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Promoted Post Open House: 182 Washington Street, Occoquan, Va.
Promoted Post Earn a Degree or Certificate in Less time with NOVA Weekend College @ the Woodbridge Campus
Promoted Post Your guide to Christmas festivities in Manassas
Promoted Post How a love for animals and a vet degree spawned a career as a Prince William County Police officer
Promoted Post Open House: 182 Washington Street, Occoquan, Va.
182 Washington Street, Occoquan, Va. 22125
Neighborhood: Historic Occoquan
Listing Price: $495,000
Open Sunday, December 11th from 2 -4 p.m.
This beautiful townhouse is steps from HISTORIC OCCOQUAN, across the street from Mom’s Apple Pies, and three blocks from Mill Street and the Occoquan River.
This home has a brand new two-zone HVAC and cedar roof. Currently configured as three-bedroom home, the basement bedroom can be easily restored to a 4th bedroom, and is currently used as music/media room.
Beautiful kitchen with family room and private deck nearby for amazing entertaining. The garage is workman’s paradise. Six miles to Lorton VRE Station. Home warranty provided.
GO TO https://youtu.be/bF_r4-AxuXs TO SEE VIDEO.
GAINESVILLE, Va. — A water main break on University Drive, between Route 29 and Wellington Road in Gainesville has prompted utility officials to order residents to boil water.
Affected communities are located north of Virginia Gateway/Atlas Walk, and include (among others):
— Heritage Hunt
— Dominion Valley
— Virginia Oaks
— Town of Haymarket
— Heritage Farms
— Villages at Piedmont
— Hopewell’s Landing
— Heathcoate Commons
— Gates Mill
— Parks at Piedmont
Crews are still working to repair the water main break, but water has been restored to all affected homes, according to a Service Authority spokesman.
From the Prince William Service Authority:
The Prince William County Service Authority is advising residents to use boiled tap water or bottled water for drinking and cooking purposes as a safety precaution. This precaution is necessary because of a loss in water pressure in the system due to a water main break in the Haymarket area. This Boil Water Notice will remain in effect for a minimum of 48 hours to provide adequate time for water quality testing. As more information becomes available, customers in the affected area will be notified.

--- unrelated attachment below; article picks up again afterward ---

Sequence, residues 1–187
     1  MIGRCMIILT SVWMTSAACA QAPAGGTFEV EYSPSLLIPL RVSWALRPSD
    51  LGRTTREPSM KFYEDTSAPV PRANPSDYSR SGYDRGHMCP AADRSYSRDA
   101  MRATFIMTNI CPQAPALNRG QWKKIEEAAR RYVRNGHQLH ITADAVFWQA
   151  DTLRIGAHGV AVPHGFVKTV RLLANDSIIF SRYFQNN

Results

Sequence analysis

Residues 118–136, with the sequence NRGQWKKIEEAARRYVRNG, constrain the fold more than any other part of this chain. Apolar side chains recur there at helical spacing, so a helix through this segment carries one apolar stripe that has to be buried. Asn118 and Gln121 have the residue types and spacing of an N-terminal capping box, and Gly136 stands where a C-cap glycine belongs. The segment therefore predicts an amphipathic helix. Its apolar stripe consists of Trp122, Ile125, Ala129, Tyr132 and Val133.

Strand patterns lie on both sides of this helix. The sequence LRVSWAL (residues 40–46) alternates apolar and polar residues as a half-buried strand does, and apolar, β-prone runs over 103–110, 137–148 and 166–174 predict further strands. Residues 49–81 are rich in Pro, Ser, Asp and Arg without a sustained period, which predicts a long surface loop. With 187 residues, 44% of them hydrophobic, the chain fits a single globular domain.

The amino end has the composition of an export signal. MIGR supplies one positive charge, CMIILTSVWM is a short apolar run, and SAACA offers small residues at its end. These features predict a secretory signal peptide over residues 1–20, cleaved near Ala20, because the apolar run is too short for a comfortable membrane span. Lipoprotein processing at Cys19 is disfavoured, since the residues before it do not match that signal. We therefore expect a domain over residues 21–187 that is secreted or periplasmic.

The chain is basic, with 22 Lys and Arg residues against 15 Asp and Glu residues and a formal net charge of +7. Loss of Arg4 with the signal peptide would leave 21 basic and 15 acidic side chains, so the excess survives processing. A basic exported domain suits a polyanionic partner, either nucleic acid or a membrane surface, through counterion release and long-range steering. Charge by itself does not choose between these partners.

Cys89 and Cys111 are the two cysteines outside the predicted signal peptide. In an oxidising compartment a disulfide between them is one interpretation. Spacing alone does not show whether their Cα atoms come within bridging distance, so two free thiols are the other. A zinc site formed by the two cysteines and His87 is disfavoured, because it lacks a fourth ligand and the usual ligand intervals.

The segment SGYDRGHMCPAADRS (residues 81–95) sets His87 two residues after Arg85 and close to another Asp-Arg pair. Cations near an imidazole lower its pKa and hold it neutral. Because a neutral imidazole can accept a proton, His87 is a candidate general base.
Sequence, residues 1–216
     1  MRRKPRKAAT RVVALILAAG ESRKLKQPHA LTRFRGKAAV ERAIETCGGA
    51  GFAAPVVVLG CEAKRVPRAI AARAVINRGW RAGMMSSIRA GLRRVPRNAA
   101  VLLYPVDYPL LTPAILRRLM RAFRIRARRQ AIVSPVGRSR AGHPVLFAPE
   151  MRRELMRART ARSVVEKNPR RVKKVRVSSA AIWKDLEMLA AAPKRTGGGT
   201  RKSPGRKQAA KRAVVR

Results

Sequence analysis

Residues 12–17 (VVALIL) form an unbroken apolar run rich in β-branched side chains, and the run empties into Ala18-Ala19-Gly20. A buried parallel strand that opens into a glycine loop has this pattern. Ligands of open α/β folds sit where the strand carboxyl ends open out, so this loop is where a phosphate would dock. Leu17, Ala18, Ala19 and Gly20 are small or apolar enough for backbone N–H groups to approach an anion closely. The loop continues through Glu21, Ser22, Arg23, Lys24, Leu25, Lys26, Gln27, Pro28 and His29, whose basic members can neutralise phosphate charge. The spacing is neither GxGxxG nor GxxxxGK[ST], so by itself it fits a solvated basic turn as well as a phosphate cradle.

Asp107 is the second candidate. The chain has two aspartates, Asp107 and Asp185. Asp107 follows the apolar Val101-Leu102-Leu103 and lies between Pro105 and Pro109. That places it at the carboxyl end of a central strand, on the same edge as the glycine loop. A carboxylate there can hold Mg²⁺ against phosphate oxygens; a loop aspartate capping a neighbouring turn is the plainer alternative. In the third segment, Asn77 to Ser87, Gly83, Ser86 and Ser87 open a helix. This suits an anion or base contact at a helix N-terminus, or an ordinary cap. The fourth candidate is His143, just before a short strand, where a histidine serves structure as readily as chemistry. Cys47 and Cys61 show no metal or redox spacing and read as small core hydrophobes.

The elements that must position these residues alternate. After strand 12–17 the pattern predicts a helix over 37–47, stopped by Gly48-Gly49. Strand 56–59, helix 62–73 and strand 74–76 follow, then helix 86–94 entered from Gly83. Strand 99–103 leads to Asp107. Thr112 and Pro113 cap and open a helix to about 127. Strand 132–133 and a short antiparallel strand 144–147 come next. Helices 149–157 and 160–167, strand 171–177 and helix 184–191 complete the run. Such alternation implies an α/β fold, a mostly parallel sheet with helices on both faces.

Boiled or bottled water should be used for drinking, beverage and food preparation, and making ice until further notice. Boiling kills bacteria and other organisms in the water. Boiling is the preferred method to ensure that your tap water is safe to drink. Bring all tap water to a rolling boil, let it boil for one (1) minute, and let it cool before using, or use bottled water.
If you cannot boil your tap water, an alternative method of purification for residents that do not have gas or electricity available is to use liquid household bleach to disinfect water. The bleach product should be recently purchased, free of additives and scents, and should contain a hypochlorite solution of at least 5.25%. Public health officials recommend adding 8 drops of bleach (about ¼ teaspoon) to each gallon of water. If using extra strength bleach (8.25% solution) add 6 drops to each gallon of water. After adding bleach, the water should be stirred and allowed to stand for at least 30 minutes before use.
The Service Authority will inform you when you no longer need to boil your water. To address this issue, the utility is working diligently to restore the water distribution system to full operation. Additionally, we are taking the necessary bacteriological samples to test the quality of the water.
For more information call Service Authority Emergency Dispatch at (703) 335–7982.
From the Prince William Service Authority:
Crews are assessing the water main break today, but it is highly unlikely that repairs will start this week. Due to lower winter time water demands, isolating this location has no impact on our ability to serve water to our customers. The main that failed is an 18” main that passes under I-66.